Meeting new neighbors felt easier with kids. The like-age kids found one another immediately, as though they had dolphin-like sonar. And with most kids, anyone they play with is immediately a friend. Walking home from Lynnhurst Park when our girls were little usually included a conversation on the friend they played with on the monkey bars or the tire swing. They did not say “new” friend, just friend. Uncomplicated. Unjudging.
Our youngest is a junior at college in New York, so I don’t have that natural entre into new neighbor’s lives. Now, like many of you, I have a dog. He can’t ask to go down the street to play, but he opens the conversations as we walk the neighborhood. Kids want to pet him and he wants to be petted. I meet the kids and the parents and the babysitters of the kids.
Walking Chico when the morning bus stops fill and the games of catch compete with a circle of parent’s chatting, we walk around and through the hubbub. Kids say Hi more to Chico than to me. I act as Chico’s interpreter, not just because the dog came from Mexico, but more as the voice I know he’d want to have if he could chat. “Hey, like to let you pet me some more, but I’m now on a mission. They’ve locked me in the house all night and I have got to go. Literally.” It excuses his apparent lack of interest in their eager hands reaching out for the second or third touch.
So, kids and dogs, leisurely strolls to the park or around the lake, all the ways we feel comfortable in our neighborhoods.
As I listen to the news and read the paper, I know we’re extremely lucky to live here. Here in this part of town, these beautiful tree-lined neighborhoods. We live in a city divided by neighborhoods of relative safety and neighborhoods where walking to the park or your neighbors involves risk and potential harm. As you take your next walk to the lake, the park, dinner, or your neighbors down the block, think about that as a risky proposition. Wouldn’t you be angry that this natural way to meet and live in city felt scary or posed a danger to your children? I would.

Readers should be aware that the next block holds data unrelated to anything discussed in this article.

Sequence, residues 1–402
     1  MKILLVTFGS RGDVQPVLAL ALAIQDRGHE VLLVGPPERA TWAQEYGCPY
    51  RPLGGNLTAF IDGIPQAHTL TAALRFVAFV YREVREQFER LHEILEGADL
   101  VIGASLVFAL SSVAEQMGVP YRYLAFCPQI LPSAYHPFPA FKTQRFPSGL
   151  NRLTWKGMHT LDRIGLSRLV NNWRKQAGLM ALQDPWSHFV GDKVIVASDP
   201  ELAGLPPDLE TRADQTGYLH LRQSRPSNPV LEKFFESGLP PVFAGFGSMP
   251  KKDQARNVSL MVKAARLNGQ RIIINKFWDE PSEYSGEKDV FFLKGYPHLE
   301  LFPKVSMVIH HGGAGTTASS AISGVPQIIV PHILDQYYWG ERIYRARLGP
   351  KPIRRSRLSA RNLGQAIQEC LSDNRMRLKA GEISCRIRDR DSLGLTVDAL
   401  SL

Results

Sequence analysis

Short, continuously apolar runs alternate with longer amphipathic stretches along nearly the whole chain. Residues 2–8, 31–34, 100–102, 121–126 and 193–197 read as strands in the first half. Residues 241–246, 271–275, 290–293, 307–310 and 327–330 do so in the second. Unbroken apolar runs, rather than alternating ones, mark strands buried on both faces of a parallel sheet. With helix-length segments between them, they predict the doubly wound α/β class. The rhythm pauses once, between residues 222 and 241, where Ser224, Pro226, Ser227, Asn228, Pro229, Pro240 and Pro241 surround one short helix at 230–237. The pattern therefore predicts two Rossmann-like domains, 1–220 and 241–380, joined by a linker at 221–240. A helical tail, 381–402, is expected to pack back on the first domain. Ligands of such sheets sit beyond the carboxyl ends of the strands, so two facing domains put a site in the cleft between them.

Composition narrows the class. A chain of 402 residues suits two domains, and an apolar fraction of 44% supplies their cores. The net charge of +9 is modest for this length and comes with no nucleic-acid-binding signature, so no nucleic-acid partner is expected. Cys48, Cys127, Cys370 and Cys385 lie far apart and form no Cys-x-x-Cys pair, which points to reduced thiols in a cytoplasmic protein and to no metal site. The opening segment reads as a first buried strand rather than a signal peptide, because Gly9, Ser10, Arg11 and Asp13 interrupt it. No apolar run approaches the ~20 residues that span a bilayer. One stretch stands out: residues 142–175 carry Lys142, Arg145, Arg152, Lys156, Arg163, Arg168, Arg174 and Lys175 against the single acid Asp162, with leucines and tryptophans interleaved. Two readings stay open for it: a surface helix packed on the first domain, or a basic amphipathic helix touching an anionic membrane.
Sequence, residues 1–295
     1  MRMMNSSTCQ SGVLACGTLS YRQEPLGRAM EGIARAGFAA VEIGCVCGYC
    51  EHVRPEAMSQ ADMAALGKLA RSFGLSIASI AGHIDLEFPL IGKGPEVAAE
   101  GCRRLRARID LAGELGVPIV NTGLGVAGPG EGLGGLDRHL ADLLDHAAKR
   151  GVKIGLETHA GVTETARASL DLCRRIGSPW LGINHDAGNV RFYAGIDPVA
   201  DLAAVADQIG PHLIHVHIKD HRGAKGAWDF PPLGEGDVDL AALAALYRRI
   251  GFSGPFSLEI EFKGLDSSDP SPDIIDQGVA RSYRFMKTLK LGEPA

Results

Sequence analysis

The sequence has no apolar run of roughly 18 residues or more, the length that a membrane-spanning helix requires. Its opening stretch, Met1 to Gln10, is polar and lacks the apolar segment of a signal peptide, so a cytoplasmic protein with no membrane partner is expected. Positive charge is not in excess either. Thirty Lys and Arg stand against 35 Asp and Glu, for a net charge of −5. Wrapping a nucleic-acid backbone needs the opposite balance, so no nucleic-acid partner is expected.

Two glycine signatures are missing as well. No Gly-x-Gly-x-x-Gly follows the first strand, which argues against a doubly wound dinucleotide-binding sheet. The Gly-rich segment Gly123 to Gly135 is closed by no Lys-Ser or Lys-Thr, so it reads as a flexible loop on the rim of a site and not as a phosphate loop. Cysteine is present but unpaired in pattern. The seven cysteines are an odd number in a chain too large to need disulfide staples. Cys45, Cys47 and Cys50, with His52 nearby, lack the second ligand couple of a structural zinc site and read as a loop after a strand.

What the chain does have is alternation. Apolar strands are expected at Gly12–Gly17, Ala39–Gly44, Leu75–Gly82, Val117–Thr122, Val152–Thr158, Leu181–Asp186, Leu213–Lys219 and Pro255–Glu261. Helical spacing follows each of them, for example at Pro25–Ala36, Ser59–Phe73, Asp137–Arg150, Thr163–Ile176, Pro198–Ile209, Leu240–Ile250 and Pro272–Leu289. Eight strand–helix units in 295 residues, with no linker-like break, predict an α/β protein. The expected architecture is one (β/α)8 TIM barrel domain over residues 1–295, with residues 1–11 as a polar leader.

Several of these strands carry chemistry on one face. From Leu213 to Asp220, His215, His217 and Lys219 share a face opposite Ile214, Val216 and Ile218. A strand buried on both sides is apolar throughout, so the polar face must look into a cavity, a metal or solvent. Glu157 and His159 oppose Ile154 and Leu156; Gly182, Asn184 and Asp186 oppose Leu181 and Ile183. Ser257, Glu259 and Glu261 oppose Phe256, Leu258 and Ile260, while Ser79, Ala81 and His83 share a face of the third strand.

But I don’t know how to solve this problem of a city divided into safe and not-so-safe neighborhoods.
In an election year, we can ask all of those people running for mayor or city council what they might do to change the city. Ask again if you get some sort of political speak. Besides government, which has been difficult to put faith into this year, organizations, such as Protect Minnesota and Mad Dads, are trying to make changes that help all citizens.
Do I believe change can happen? Yes. Why? Well, a year ago I would have said same-gender marriage in Minnesota was a long way off. Look what happened.
Call those folks seeking our votes or call the people already in positions of power. Ask them specifically what they will do to make the entire city safer. Connect with organizations working toward those goals. Wouldn’t it be great if we could all walk the streets without fear?
Enjoy your next walk or visit to the park even more, knowing you’ve help take one step in the direction of making it safer for all. Pretend you’re eight years old and find a friend on your route.
Welcome Jerde lives in Lynnhurst with her husband/editor, Dan Berg, and her daughter, Hannah, when she isn’t at college.